2 Replies Latest reply on Dec 17, 2008 11:39 PM by brockp

    xCOPY() poor performance vs pgcc

    brockp
      xCOPY() demonstrates poor performance compared to code generated by PGI's pgcc 7.2

      I was curious about the performance of memcpy() vs xCOPY() from ACML.

      My test case, stream.c from: http://www.cs.virginia.edu/stream/ and wrote a version that uses ACML or memcopy(),  I am using the PGI 7.2 compiler and their shipped acml (4.1.0 from acmlversion()  The hardware platform is an opt2218,

      copy results:

      pgcc stream.c -fastsse  (C code only)

      5737.7932 MB/s

      pgcc stream.c -fastsse -lacml -DTUNED (dcopy())

      5727.4169 MB/s

      pgcc stream.c -fastsse -lacml -DTUNED -DMEMCPY  (use memcpy())

      3056.8649 MB/s

       

      So the compiler makes as good of code as ACML thats great!  but the kicker is when you enable threading. The compiler does a better job of effitivly using both the memory controlers and increasing memory copy performance from C code and ACML does not appear to do anything,

       

      pgcc stream.c -fastsse -mp  (C code with OpenMP)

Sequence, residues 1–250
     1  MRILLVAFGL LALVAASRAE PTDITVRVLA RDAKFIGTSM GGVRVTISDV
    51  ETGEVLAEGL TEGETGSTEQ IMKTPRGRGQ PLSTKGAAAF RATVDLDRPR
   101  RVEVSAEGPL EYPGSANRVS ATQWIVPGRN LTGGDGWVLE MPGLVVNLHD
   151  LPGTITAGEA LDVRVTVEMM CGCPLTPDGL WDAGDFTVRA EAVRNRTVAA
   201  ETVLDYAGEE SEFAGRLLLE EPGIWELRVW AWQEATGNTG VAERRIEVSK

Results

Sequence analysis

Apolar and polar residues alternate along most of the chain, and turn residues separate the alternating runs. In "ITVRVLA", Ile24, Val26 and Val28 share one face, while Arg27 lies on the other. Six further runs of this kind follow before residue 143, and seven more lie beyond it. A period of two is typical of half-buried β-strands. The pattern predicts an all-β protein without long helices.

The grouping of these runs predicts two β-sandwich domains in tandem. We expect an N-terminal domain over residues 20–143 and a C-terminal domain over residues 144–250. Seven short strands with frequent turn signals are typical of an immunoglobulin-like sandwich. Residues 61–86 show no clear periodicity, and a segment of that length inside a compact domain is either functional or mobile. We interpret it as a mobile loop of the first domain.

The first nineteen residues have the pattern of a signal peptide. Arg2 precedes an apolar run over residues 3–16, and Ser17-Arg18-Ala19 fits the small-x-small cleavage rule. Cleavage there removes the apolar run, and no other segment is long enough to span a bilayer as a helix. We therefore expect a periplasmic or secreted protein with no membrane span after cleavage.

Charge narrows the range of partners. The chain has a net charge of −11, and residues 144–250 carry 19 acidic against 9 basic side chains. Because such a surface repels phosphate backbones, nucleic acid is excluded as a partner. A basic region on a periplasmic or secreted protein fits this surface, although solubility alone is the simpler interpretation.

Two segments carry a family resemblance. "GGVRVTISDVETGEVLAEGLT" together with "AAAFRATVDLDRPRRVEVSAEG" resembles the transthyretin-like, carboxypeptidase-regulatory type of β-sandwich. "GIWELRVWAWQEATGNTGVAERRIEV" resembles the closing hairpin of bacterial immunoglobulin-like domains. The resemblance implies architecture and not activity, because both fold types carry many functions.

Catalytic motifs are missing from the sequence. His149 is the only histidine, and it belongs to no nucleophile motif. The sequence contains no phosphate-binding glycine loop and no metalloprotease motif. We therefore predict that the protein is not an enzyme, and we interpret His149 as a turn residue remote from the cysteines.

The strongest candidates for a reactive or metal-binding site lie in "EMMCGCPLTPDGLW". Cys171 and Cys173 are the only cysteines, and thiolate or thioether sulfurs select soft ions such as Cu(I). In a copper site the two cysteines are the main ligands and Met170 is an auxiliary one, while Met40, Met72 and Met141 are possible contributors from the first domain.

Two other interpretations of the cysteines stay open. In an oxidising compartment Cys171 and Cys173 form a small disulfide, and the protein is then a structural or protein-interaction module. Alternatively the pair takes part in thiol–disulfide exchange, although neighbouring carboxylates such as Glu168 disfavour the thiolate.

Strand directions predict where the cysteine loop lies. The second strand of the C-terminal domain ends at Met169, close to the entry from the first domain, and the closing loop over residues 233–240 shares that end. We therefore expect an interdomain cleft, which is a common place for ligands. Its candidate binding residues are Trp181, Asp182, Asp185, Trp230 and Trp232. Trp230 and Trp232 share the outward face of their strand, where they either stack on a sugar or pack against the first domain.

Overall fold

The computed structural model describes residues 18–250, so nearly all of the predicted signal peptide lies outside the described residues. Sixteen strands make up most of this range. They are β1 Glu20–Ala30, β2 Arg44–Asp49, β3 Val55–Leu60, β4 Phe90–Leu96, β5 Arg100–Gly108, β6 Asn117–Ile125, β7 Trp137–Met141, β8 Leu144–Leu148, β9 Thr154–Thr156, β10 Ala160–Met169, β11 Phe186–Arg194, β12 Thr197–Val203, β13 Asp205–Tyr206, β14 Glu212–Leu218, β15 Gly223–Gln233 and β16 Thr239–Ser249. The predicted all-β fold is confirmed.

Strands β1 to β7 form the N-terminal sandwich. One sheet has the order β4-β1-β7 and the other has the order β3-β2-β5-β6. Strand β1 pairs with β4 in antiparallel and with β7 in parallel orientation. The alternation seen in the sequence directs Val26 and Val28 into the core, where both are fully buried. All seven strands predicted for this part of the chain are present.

10934.6766 MB/s 2 threads

      11822.7677 MB/s 4 threads

       

      pgcc stream.c -fastsse -mp -lacml_mp -DTUNED (dcopy() with OpenMP)

      4525.8578 MB/s 2 threads

      5177.1047 MB/s 4 threads

       

      I should point out the C code is just:

       

      #pragma omp parallel for
              for (j=0; j<N; j++)
                  c[j] = a[j];

      Is there a reason why ACML does not support threaded dcopy() to use multiple memory controlers?  I relize that at small array sizes threading overhead is a problem but the OpenMP functions allows userspace code to modify the number of threads like:

       

      if (N < 1000)

        set_omp_threads(1)

        copy

      else

       copy

      end

        • xCOPY() poor performance vs pgcc
          chipf
          Do you have an example of an application where multithreaded L1 and L2 BLAS functions will provide a significant performance benefit?

          One question is where the threading should occur in an application. For the L1 and L2 functions, are threading choices better left to the application?

          If we can demonstrate the benefit, this is something that could be added to the list of future enhancements.
            • xCOPY() poor performance vs pgcc
              brockp

              I do not have any off the top of my head. My only example was the benchmark stream quoted above.

              Actually I was surpised,  I expect this effect to come from the location of data in memory on the numa system. Maybe this should be more of a case of memory location matters.

              For large data it would be kind of nice to do threaded L1 (mostly xCOPY and xSCALE) Thus I would not thread with values that are small.  Problem is, how does ACML know that data is spread across controlers and which threads should work on what data so that the performance of the multiple memory controlers could be exployted.